Pot. Grass. Ganja.  Mary Jane. Tea. Weed, wacky weed, loco weed, laughing weed.  Sinsemilla. Cannabis. Joints, blunts, bongs. Smoked, or baked into brownies, a delivery system for tetrahydrocannabinol, or THC. Celebrated in pop culture by Cheech and Chong (or Cheech y Chong).  And, in the Coen Brothers’ The Big Lebowski, by Jeff Bridges as The Dude. Rappers have celebrated it: Snoop Dogg, Ludacris, Lil Wayne, and maybe fifty others.  Louis Armstrong, Bob Marley, and a list of jazz and rock legends too long to list smoked it, wrote about it, defended it.

And now, in two states, it’s legal.  And in California, and fifteen other states, it’s legal for medicinal uses.

Which it has, maybe.  It may reduce the nausea associated with chemotherapy and AIDS treatments.  Could be an effective treatment for glaucoma, with possible beneficial benefits for MS.  Work, possibly, as an analgesic.  Seems to reduce obesity, even, late night snacking binges aside.

And–prediction time!– betcha anything it’s going to be a hot button political issue in the next election.  I remember attending a political forum at Sunstone one year, and Utah Democratic bigwigs in attendance all mentioned how we need to come up with some sure-fire wedge issues. Love them wedge issues. The one they favored was stem cell research.  Which is to say that liberals don’t do wedge issues very well.  Conservative political operatives are frankly better at it, and with gay marriage and immigration sliding off their radar, they’re gonna need a new one.  The legalization of marijuana seems tailor-made.

‘Cause right now, we’re in a weird place, legally.  Some states have legalized marijuana for medical use, with the frankly predictable attendant abuses and enforcement inconsistencies.  And Colorado and Washington have legalized it.  Which means what, since it’s still illegal federally? I mean, on the news this morning, we could see folks getting baked under the Space Needle in Seattle–the new law went into effect this morning. People can legally smoke small amounts of weed, preferably in the privacy of their homes.  Eventually, the state of Washington has a year to come up with a system of state-licensed growers, processors and (this blows my mind) retail stores. They’re planning to tax marijuana at 25% at each step.  Could be lucrative–be nice to have that money for education.  Yay! Smoke a blunt for teachers!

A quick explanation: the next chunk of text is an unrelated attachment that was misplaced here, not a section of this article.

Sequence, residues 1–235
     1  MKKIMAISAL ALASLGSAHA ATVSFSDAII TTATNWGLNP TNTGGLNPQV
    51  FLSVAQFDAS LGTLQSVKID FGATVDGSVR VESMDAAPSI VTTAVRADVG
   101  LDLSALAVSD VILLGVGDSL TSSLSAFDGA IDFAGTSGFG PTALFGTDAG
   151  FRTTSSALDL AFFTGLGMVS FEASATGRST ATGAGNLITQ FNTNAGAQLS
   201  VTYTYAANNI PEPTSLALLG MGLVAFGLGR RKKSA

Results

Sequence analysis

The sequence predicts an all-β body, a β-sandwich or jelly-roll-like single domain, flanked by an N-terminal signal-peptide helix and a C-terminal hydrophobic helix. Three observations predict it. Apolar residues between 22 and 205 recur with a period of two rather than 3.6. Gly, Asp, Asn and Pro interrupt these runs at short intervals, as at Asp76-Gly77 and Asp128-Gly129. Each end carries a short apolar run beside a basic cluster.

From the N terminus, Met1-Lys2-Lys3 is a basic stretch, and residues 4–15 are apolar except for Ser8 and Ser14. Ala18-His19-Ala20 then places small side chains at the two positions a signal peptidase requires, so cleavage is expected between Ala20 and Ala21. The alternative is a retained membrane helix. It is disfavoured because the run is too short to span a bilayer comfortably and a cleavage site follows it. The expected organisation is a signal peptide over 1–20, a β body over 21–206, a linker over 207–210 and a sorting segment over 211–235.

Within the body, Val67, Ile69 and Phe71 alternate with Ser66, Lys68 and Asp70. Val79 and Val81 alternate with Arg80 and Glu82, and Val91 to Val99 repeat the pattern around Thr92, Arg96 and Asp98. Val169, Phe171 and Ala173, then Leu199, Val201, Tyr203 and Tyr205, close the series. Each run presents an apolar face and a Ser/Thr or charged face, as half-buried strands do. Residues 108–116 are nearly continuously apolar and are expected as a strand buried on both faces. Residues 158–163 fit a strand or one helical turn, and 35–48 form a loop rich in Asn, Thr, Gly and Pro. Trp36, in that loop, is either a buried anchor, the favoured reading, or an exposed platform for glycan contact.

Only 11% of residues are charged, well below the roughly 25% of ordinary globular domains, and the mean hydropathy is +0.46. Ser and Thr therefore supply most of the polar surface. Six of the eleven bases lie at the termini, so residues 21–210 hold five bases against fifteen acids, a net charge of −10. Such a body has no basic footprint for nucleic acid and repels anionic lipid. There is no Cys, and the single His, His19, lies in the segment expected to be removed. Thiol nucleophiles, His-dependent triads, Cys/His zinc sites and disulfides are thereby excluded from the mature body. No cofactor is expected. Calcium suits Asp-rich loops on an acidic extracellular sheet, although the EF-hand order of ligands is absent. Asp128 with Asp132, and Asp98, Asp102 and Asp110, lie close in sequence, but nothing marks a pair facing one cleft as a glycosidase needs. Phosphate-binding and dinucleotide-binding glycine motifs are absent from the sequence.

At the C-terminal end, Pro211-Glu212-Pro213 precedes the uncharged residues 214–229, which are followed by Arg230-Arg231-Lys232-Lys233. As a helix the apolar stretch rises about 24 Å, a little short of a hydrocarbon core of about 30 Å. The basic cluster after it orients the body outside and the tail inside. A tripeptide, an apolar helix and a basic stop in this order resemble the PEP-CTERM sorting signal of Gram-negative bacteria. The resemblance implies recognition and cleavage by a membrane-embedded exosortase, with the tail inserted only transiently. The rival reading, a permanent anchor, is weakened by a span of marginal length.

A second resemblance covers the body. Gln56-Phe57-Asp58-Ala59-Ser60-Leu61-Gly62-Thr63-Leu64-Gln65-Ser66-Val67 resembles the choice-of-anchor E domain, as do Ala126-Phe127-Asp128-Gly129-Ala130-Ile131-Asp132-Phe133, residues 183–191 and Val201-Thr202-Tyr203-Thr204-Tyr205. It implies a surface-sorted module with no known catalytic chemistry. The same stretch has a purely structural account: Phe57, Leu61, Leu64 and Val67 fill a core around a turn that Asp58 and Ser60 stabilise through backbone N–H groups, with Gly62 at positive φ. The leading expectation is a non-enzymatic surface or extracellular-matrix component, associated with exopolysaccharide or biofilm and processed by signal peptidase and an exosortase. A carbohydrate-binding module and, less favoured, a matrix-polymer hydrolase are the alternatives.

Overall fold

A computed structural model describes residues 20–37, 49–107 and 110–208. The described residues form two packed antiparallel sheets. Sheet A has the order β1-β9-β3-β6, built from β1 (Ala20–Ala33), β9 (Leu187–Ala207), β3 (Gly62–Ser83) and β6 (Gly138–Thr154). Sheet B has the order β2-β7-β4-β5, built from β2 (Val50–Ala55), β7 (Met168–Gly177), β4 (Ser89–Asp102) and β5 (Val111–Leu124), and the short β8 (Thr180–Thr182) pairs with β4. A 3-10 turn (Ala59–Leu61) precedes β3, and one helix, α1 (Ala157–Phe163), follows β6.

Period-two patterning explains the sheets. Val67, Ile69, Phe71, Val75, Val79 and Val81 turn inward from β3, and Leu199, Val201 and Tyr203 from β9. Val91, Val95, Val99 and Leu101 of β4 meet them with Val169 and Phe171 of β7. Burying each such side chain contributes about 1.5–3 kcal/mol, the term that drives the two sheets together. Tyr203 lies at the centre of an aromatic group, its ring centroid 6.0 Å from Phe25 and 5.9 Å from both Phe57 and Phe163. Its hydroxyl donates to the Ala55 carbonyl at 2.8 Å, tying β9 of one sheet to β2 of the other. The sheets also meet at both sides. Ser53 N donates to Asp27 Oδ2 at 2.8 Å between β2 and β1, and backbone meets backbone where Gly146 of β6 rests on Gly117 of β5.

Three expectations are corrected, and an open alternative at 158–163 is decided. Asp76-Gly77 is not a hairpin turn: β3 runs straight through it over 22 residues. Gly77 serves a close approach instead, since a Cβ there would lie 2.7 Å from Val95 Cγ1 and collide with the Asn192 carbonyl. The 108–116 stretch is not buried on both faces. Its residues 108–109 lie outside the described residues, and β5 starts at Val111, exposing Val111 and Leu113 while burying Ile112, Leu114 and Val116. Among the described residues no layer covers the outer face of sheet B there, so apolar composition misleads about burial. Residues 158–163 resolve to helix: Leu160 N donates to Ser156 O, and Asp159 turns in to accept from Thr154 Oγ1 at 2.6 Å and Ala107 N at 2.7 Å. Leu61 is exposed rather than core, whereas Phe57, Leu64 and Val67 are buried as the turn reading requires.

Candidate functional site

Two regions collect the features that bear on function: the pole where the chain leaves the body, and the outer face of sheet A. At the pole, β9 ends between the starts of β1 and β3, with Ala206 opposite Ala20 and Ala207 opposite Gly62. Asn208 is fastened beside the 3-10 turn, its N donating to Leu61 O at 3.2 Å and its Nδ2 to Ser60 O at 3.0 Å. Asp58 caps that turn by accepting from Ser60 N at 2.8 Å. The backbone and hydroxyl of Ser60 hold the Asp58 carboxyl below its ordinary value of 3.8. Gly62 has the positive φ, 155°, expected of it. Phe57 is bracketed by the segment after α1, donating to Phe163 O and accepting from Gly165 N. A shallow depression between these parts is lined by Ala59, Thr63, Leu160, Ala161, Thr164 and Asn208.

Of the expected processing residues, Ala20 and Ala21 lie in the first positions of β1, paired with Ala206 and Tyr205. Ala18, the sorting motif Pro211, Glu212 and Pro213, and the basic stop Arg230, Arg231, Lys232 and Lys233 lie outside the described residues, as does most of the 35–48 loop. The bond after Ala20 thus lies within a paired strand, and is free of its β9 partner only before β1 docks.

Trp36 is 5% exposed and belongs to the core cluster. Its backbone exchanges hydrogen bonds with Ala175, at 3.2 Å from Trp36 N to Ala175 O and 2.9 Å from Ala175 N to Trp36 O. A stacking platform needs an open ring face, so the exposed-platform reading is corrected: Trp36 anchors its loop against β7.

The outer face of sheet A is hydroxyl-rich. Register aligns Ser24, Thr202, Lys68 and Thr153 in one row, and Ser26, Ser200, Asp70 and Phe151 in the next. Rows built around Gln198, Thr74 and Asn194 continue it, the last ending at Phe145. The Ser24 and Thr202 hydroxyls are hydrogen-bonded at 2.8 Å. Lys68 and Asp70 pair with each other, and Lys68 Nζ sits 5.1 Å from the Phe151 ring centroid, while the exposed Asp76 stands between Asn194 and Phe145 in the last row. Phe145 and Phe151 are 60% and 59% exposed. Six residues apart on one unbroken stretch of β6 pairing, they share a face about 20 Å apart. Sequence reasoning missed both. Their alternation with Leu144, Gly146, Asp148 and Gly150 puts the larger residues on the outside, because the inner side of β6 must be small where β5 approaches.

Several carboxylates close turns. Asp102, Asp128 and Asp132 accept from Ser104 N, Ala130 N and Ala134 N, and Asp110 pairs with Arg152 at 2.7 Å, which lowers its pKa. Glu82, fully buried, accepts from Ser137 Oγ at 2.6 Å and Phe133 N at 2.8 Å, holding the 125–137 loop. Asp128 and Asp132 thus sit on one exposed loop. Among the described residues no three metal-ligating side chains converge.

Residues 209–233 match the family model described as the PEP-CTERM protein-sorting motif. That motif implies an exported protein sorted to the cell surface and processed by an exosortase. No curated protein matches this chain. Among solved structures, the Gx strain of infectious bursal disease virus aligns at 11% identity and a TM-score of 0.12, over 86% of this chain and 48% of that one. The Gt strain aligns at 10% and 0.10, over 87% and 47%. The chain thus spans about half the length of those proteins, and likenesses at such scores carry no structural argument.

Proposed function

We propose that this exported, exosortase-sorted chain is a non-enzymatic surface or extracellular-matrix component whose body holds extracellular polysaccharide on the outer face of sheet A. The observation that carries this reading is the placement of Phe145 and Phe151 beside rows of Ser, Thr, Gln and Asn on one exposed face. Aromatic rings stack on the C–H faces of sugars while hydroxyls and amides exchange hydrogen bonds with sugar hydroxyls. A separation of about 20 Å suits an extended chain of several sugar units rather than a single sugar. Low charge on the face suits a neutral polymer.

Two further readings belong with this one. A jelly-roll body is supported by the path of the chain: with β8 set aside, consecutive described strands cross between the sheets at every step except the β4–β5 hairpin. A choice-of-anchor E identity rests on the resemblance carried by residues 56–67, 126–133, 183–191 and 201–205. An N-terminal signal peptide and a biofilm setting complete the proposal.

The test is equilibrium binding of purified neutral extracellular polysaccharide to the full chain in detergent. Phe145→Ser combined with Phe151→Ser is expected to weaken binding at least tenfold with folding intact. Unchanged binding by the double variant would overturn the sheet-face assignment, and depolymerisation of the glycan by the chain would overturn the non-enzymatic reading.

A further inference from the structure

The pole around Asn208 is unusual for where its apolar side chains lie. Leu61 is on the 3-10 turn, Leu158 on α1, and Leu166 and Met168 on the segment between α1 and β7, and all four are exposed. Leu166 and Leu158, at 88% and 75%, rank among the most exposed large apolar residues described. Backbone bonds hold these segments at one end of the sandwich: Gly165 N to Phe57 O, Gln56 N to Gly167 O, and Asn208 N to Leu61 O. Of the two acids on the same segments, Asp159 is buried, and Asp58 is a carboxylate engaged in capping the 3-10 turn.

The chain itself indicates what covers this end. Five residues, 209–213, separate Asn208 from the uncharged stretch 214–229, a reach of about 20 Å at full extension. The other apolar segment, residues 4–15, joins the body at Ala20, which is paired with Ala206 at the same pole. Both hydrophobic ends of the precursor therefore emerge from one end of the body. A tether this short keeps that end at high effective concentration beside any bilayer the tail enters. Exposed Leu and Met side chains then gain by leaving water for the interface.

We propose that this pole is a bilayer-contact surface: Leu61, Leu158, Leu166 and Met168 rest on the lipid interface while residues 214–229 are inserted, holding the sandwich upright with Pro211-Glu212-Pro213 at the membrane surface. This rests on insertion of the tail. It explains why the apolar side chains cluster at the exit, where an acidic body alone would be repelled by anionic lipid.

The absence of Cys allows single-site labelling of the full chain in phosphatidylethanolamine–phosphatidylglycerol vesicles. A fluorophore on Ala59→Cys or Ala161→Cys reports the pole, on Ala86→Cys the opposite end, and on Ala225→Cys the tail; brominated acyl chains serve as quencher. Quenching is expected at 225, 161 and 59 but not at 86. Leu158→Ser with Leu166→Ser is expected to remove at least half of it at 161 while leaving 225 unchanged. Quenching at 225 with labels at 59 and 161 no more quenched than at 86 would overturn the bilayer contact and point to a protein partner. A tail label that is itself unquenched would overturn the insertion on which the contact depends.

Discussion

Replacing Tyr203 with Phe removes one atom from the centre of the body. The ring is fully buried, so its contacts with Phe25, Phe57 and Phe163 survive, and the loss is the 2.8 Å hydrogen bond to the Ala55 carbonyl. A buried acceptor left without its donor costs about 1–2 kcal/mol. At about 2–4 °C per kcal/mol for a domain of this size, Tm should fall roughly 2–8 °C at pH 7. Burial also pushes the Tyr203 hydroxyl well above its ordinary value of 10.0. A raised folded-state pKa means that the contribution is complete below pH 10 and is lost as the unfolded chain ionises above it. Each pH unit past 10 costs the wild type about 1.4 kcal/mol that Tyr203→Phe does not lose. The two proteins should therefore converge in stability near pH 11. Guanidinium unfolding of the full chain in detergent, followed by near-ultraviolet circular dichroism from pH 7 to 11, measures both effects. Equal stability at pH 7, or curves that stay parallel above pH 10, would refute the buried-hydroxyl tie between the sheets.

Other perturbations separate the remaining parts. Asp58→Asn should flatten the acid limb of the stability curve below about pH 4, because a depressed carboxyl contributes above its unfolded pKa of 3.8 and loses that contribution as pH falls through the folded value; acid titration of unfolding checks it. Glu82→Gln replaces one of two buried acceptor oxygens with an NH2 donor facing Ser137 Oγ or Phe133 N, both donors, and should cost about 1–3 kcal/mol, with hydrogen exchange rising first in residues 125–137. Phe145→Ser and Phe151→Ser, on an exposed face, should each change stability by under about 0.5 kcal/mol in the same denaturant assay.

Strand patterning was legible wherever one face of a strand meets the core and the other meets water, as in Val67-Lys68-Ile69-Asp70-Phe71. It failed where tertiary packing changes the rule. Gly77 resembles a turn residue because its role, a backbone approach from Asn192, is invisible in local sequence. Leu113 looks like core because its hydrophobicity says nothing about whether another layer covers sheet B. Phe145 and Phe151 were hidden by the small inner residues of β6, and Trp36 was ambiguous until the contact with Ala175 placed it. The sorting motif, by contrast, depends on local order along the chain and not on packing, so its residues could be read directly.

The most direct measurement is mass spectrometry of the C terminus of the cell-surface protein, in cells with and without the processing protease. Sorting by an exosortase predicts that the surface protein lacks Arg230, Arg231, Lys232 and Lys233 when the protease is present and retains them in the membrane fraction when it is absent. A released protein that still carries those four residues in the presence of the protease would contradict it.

So; hypothetically, the governor of Washington, Chris Gregoire, now has to hold meetings discussing how to do all that.  In those meetings–which state law requires that she hold– isn’t she also engaging in a conspiracy to violate federal law?

I have a hard time seeing Obama’s Justice Department hauling Chris Gregoire out of her office in handcuffs.  But it’s not good to have laws on the books no one intends to enforce. This would all suggest the need for a change in federal law. I know! Congress could act; pass a bill, clarify matters.  Excuse me: I just threw up a little in my mouth.

‘Cause there’s just no way. This Congress?  The most dysfunctional of my lifetime?  I suppose it’s barely possible that President Obama could ram something through the Senate, supposing changes are made in Senate filibuster rules.  And just maybe the Democrats in the House could muster enough support from hard core libertarians to sneak something past the Republicans.  Maybe.  Assuming all House Democrats also favored it, which is by no means certain.  But it would take a huge effort, expending who knows how much political capital, and over something President Obama has shown no signs of caring much about.  I mean, I know NORML (National Organization for the Reform of Marijuana Laws) is an effective lobbying group, but for most folks, this isn’t a high priority. I think a NORML bill may find itself orphaned.